It turns out that the Alfa badge has a lot to do with Milan, and not much to do with Alfa.  The red cross on a white background symbolizes Milan (and many other Western Christian entities and service-oriented groups, like the medieval Knights Templar and the modern Red Cross).  The Visconti family adapted the symbol of Jonah (not a Saracen) being swallowed by a sea serpent in the 1000's, later topped by a crown, to symbolize their rule of Milan beginning in 1277.  Milan retained the symbol after the Viscontis no longer ruled.  So the Alfa badge essentially says "Milan" twice.

Until now, I had always understood the Biblical Jonah to have been swallowed by a whale.  Not so.  In ancient Greek, he was swallowed by a ketos: a "great fish or sea creature."  Liturgical art depicting Jonah and the Serpent goes back to the 200's c.e.  "Sea creature" got transliterated into "whale" in the Middle Ages when the Bible was being translated from Greek into modern European languages.  The translators were looking for a more concrete word for a "sea creature" big enough to swallow a man.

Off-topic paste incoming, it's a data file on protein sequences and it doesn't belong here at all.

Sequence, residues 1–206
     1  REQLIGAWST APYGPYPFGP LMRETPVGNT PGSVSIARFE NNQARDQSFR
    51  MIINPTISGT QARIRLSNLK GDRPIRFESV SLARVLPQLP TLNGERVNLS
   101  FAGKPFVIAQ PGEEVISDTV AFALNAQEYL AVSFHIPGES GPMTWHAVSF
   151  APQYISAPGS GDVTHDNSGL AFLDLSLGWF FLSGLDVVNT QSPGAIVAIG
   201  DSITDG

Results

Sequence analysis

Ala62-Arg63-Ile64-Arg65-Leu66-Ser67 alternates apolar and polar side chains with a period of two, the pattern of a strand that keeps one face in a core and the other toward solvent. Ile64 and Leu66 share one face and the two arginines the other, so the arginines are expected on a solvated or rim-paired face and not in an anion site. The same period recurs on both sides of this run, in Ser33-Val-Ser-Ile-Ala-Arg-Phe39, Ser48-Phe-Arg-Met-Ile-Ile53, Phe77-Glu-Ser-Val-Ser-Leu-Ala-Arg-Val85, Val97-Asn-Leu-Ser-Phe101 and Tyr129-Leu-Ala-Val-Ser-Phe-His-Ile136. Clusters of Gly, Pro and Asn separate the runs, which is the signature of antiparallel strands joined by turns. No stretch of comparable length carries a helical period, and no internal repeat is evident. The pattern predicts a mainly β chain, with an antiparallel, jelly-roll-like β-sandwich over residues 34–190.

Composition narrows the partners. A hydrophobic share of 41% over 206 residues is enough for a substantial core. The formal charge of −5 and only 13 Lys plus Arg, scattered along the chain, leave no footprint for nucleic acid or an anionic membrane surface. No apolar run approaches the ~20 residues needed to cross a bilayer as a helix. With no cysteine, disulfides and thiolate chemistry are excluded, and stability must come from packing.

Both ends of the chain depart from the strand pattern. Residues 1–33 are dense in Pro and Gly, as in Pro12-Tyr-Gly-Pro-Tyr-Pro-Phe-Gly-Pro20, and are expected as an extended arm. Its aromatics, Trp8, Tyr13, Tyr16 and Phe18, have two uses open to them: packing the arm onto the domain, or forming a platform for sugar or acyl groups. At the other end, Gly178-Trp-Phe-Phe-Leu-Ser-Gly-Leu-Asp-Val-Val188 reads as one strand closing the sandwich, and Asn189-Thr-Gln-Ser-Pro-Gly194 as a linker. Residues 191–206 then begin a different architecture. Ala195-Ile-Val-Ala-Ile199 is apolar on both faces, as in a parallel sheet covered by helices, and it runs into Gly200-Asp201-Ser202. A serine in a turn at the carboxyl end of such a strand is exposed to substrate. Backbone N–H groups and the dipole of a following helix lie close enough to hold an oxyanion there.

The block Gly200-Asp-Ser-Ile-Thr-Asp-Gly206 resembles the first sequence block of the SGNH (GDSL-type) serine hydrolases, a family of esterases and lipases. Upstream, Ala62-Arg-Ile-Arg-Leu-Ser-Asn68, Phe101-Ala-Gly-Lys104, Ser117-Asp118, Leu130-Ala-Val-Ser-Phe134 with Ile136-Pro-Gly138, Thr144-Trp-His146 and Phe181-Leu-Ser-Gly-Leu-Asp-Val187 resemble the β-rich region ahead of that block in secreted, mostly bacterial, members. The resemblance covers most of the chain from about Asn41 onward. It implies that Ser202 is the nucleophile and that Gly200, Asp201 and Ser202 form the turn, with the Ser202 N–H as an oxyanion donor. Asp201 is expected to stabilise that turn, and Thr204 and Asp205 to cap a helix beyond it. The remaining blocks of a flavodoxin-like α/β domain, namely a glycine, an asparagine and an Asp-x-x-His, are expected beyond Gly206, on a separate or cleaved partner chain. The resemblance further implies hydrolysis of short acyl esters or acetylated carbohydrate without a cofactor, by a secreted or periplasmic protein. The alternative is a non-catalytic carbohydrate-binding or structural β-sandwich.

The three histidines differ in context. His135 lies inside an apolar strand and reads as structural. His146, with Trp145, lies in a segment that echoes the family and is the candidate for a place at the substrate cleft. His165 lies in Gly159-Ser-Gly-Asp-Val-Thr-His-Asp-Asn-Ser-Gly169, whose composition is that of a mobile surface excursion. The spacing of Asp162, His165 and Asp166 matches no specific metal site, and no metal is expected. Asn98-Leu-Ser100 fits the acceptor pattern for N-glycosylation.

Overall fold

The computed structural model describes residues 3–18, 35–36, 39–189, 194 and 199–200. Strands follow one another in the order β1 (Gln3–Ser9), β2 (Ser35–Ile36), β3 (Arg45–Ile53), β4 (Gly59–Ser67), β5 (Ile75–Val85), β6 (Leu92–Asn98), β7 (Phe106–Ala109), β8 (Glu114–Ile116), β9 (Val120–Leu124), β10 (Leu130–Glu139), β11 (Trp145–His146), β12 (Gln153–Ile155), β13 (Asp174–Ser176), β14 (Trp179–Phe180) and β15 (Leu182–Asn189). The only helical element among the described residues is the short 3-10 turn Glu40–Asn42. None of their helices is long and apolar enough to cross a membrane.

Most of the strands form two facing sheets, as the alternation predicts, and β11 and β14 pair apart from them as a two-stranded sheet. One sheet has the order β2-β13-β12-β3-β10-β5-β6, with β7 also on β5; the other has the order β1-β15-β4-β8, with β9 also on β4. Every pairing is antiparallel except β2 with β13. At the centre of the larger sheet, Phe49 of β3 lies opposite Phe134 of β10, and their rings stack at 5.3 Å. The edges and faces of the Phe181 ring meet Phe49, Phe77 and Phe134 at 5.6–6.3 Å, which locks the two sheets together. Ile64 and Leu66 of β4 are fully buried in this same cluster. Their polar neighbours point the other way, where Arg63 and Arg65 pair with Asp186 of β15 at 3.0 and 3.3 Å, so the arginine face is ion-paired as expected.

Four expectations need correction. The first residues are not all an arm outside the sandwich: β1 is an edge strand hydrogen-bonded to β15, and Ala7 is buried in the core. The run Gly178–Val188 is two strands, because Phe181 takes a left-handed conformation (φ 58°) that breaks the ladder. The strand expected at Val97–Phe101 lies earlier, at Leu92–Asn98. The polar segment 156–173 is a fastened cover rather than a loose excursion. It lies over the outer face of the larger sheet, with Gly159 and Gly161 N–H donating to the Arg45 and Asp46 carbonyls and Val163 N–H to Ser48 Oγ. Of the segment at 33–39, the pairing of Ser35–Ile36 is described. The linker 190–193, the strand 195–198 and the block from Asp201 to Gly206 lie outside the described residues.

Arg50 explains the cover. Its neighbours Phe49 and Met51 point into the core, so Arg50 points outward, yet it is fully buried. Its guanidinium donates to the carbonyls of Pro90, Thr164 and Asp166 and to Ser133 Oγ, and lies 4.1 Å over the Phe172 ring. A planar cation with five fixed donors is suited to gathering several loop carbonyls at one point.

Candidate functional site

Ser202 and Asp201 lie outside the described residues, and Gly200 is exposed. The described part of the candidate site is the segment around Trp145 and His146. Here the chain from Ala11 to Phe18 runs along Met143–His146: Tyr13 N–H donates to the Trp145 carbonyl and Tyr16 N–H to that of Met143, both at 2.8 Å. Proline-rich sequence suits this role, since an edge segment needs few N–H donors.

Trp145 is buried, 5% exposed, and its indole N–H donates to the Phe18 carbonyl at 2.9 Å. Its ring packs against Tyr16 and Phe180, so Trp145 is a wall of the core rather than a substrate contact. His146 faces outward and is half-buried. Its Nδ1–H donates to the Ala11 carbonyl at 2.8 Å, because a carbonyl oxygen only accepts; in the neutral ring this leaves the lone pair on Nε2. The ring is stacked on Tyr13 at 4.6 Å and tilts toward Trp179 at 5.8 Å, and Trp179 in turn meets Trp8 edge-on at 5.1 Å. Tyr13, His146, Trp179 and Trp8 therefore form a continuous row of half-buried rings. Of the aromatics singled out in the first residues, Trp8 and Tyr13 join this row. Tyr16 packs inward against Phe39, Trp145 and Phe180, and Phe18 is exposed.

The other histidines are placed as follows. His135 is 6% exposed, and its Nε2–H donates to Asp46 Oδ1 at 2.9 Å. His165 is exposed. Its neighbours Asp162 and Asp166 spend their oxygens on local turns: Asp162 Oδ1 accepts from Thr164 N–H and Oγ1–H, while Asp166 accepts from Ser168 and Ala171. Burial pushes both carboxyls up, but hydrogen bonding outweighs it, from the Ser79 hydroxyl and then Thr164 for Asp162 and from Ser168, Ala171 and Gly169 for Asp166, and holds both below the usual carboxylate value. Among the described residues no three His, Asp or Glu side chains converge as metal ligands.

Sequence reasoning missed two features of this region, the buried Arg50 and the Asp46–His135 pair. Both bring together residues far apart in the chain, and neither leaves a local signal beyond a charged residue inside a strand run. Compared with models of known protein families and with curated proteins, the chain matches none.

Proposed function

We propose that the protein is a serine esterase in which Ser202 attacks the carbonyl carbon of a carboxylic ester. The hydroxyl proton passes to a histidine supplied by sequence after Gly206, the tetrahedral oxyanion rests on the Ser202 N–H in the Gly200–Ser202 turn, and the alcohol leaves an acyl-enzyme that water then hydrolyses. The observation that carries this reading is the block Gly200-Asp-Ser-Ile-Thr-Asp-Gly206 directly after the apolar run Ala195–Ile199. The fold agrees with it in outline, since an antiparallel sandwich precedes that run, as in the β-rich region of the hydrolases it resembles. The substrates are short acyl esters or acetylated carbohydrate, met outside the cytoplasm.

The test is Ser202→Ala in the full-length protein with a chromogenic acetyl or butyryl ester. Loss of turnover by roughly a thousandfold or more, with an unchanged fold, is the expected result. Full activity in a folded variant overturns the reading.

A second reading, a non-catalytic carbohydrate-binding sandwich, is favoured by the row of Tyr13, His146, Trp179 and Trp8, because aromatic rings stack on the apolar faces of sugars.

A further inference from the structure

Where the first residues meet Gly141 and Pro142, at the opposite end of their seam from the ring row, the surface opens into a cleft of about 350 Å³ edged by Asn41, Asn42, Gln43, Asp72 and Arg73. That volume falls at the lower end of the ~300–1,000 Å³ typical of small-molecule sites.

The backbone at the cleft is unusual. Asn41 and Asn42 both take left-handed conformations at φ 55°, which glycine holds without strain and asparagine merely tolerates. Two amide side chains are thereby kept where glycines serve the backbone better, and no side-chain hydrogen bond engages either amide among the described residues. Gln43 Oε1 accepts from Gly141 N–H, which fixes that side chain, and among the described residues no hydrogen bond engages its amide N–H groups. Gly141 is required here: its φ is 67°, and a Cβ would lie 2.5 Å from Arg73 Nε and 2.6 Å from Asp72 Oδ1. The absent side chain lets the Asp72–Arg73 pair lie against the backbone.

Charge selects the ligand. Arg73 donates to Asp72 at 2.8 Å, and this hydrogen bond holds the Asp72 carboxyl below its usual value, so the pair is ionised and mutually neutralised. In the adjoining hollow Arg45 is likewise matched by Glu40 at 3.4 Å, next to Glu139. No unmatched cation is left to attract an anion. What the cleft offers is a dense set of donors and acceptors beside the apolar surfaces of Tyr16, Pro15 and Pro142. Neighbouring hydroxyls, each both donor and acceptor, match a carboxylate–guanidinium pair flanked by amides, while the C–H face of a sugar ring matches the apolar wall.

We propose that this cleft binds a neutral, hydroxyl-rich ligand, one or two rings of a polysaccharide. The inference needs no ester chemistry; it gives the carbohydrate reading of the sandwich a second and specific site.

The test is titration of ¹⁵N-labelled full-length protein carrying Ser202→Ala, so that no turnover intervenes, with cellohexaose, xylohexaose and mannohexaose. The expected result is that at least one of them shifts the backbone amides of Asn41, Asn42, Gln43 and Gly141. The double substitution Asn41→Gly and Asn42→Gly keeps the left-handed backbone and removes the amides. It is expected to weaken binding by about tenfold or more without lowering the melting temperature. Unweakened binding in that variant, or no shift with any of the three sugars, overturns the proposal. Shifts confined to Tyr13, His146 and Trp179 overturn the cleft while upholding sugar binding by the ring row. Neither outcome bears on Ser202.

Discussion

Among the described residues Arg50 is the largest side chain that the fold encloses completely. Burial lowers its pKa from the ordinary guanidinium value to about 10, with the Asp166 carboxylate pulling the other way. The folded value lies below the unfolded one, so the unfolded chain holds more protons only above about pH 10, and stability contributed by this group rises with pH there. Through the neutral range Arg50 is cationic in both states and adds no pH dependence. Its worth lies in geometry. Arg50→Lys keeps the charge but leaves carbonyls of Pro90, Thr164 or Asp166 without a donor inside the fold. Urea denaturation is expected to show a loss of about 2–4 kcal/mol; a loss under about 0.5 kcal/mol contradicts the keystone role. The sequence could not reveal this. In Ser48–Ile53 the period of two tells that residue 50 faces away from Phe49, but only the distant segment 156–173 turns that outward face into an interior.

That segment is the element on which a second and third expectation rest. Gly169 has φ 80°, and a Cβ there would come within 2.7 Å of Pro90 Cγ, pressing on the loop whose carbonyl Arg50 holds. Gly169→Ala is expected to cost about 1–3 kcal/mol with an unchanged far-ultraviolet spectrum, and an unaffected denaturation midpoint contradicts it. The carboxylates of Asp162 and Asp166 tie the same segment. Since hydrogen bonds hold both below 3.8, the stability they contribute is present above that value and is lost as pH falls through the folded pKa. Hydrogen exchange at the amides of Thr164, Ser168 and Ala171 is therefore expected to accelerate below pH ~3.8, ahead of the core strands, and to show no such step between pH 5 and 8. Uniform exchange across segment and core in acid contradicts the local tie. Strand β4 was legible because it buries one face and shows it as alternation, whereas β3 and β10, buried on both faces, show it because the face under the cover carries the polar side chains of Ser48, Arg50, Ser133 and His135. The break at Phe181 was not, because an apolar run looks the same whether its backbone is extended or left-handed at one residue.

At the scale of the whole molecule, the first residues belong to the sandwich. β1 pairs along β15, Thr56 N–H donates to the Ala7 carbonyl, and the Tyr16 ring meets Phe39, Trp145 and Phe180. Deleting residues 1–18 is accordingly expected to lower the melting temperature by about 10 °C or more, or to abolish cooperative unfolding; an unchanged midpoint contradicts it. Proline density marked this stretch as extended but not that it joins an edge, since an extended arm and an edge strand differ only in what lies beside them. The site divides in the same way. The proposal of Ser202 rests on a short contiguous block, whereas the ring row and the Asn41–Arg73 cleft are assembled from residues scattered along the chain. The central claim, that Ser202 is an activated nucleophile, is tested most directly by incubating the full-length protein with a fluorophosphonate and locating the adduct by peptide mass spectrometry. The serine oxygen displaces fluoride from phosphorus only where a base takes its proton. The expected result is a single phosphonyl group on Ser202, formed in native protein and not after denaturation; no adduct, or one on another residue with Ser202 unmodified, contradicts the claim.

Many renderings of Jonah being swallowed by the Serpent show him just being gulped down, or holding a tablet
describing his tribulation or its significance.  This rendering shows his arms extended, struggling.  That's the
version that made it onto the Visconti Coat of Arms and the Alfa Romeo badge.

The Visconti Coat of Arms.

Evolution of the Alfa Romeo badge: the stylized laurel wreath around the outside was added when Alfa began to rack
up racing victories in the 20's, 30's, and 40's.  The stylized 'S", for the House of Savoy, was abandoned in favor of a
tildy when Italy ceased being a kingdom and became a republic.  The current badge is simplified and modernized
by omitting the laurel wreath and scales on the serpent, rendering Jonah in red,  and making the crown more
abstract.  Normally, this kind of simplification in graphic design appeals to me--but not this time.

But it's still the coolest manufacturer's logo going...

Thursday, May 22, 2014

I'm With Bruce Meyer (Ferrari 625/250 TRC)

"You can't take 'em with you, but if I could take one car...  It checks every box for me."